This summer I did one of those things I’d really, really recommend anyone to do at some point – put it on your bucket list. I went to see the Alhambra in Grenada.

Many of the windows and doors in the Alhambra are beautifully arched. What struck me was that I took a lot of photos, not just of what I could see, but what I could see either through a window or a door.


Looking at them again now it seems to me that they are enticing….they spark your curiosity and invite you to go and explore more.

That got me wondering about how we frame our views of the world. Not just physically, although it does make me think about the architecture and built environments in which we all live, but emotionally. Because I think we enter each day in a certain frame of mind. Maybe we change that frame (or maybe it feels like somebody changes it for us) during the day, but I wonder just how aware we are of those frames and how much they influence what we see.

Is it possible to just pause now and again and think about what frame is active?

Is it a frame of fear, or one of curiosity for example? Because each of those frames make the world look VERY different.






We are drawn towards the edges….

Sunsets attract us. How many of us gather at the viewpoints to watch the setting sun? There’s something deeply appealing about both the disappearance of that fiery sphere as it mutates from a full circle, to a semi-circle, to a rapidly diminishing crescent. Then when it drops below the horizon there’s a period of time when the sky can glow with shades of red, orange and pink, or some tobacco tints until gradually night has fallen. When did you last stand and watch this happen?

It’s a great meditation practice. Just to focus your attention on the changing light and try to become aware of the point where day turns into night. That’s a trick, of course, because there is no such point. The transition of day into night is far more nuanced, way more gradual than that. But keeping your attention on it is calming, delightful and connects you to one of the deepest rhythms of life.

In the second photo here (both taken one evening in San Sebastian, Spain), as day turns into night, the street lights glow in the calm sea as the tide recedes revealing the wet sand below the water. You can see a few people wandering at the edge of this transition. There’s another edge that attracts us. The edge between the land and the sea.

And that’s another edge which is not exact and is certainly not fixed.

Strolling along the ebb or the flow of the sea is deeply pleasing. As is gazing down at it from a promenade, or a viewpoint.

We are drawn towards the edges….you could say that’s how life proceeds, moving towards difference, exploring the boundaries and connections, discovering the new, playing in that “far from equilibrium” zone where growth occurs.


I noticed this painting high up on a wall inside the cathedral in Segovia, but I don’t know what it means.

In the centre is this interesting cross of what looks like a plume and a cross with three cross bars tied together with a blue ribbon. It’s painted as if it is flying high in the clouds and surrounded by three pairs of cherub-like angels.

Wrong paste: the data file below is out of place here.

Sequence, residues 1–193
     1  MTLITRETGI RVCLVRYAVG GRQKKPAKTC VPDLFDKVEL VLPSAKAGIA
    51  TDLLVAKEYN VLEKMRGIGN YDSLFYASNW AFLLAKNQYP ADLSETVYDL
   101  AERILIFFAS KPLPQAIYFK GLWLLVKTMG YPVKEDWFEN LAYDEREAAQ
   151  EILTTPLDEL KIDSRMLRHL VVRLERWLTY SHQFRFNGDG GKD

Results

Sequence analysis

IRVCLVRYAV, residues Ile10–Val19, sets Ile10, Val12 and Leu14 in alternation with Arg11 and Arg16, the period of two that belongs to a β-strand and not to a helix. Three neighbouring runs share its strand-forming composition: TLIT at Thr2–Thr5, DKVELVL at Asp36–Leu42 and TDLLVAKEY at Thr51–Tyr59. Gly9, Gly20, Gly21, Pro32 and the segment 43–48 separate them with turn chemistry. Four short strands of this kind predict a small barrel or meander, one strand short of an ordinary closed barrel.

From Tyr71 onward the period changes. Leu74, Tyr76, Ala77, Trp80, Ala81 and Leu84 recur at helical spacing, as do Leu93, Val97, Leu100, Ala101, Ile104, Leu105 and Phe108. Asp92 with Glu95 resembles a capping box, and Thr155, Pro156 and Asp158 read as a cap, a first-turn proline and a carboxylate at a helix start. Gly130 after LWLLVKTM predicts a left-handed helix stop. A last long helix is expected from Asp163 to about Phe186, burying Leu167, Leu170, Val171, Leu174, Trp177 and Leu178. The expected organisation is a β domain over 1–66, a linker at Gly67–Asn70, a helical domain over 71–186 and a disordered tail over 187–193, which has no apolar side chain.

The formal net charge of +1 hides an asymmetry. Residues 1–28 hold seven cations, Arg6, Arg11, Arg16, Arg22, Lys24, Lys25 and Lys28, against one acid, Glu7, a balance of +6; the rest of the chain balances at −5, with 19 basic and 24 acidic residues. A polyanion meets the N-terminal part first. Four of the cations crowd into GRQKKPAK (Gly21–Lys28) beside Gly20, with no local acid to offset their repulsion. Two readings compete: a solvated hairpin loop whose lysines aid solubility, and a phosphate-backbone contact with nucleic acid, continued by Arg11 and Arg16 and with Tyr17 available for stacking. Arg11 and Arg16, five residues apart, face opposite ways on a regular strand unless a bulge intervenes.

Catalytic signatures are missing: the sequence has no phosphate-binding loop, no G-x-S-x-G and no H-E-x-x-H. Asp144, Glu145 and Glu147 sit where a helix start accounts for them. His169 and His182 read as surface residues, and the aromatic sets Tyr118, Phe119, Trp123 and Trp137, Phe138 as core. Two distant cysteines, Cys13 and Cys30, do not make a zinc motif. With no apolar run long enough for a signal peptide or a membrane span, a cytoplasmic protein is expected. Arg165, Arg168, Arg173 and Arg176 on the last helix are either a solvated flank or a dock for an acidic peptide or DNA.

Have you ever seen a symbol like this before?

Can you interpret it for me, please?

Unusual accidental selfie

unusual selfie.jpg

I visited Bilbao recently and this sculpture of gleaming steel spheres caught my eye.

It was only later, on reviewing my photos, that I realised that I was in this one – caught in the reflection of one of the spheres.

Can you see me?

I have to say, it’s a pretty unusual, accidental selfie!

The edge of the weather


It’s not so often you can see the edge of the weather so clearly, but there it was, the storm was on its way.

Wow! Was it a big one! Thunder rattling the windows, lightning covering the entire sky, rain hammering down on the earth, and the trees and bushes blown this way and that.

Clouds are fascinating in many ways, not least because you can’t usually really see their edges. You can at first glance, but you only have to watch for a few moments and the edges change, building or dissolving before your very eyes. A big, heavy, thick cloud like this one though holds its edge for longer. I think that’s one of the things that makes it so impressive.


The shape of a life


Look at the shape of this tree!

It heads up from the ground, reaching for the sky just as pretty much all trees do, then suddenly it’s taken and almost ninety degree swerve to the left, but not for long, because then it turns abruptly upwards again, only a little later to take another almost ninety degree turn to the right, after which is takes a much more relaxed ascent, bending slowly upwards.

It caught my eye.

It caught my eye because it was so unusual, so striking, and so unique. None of the other trees around it had shapes or trajectories even remotely like this one.

So what happened? What’s the explanation for the particular shape of this tree’s life?

I realise that’s a question which lay at the basis of my consultation with patients. An individual’s life story has a distinct and unique shape. Are there any explanations for that shape? Which life events made the biggest impact? What kind of impact did they make and, crucially, how did the person respond to those events?

But even without the context of illness, I think life is like this for all of us. We are gaily living in one particular way when, bam! someone happens, there’s a change, an event, and life continues afterwards but in a completely different direction.